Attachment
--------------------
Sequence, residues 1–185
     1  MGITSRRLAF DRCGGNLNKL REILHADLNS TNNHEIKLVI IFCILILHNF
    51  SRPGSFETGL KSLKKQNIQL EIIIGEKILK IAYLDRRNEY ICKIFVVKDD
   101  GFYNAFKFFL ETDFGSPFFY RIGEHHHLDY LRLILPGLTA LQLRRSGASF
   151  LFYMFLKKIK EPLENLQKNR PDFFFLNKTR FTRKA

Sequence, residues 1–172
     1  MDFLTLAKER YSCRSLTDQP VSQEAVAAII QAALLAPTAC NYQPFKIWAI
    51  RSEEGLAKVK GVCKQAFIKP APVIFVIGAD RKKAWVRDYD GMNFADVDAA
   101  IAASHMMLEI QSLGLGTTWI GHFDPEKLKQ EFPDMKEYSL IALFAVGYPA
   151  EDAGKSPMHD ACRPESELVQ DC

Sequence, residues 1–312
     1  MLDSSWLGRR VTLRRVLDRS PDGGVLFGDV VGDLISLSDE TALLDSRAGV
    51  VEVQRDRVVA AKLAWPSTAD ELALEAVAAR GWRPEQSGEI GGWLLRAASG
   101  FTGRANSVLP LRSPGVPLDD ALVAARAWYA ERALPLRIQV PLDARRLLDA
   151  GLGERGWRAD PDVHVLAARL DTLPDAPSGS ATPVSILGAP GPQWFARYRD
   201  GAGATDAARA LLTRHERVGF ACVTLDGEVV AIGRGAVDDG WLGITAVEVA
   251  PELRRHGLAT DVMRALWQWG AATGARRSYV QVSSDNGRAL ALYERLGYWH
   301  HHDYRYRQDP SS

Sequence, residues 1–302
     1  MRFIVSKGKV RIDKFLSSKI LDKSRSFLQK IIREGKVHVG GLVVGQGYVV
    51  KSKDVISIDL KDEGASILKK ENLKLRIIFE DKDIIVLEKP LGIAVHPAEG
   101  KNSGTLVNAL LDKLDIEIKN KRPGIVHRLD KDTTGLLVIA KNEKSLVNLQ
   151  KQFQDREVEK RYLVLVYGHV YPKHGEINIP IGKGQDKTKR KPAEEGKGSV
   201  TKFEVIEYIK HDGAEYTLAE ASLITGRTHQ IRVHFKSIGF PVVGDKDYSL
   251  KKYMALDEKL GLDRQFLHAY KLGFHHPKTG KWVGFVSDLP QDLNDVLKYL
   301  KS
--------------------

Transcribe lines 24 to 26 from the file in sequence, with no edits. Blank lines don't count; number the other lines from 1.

   201  TKFEVIEYIK HDGAEYTLAE ASLITGRTHQ IRVHFKSIGF PVVGDKDYSL
   251  KKYMALDEKL GLDRQFLHAY KLGFHHPKTG KWVGFVSDLP QDLNDVLKYL
   301  KS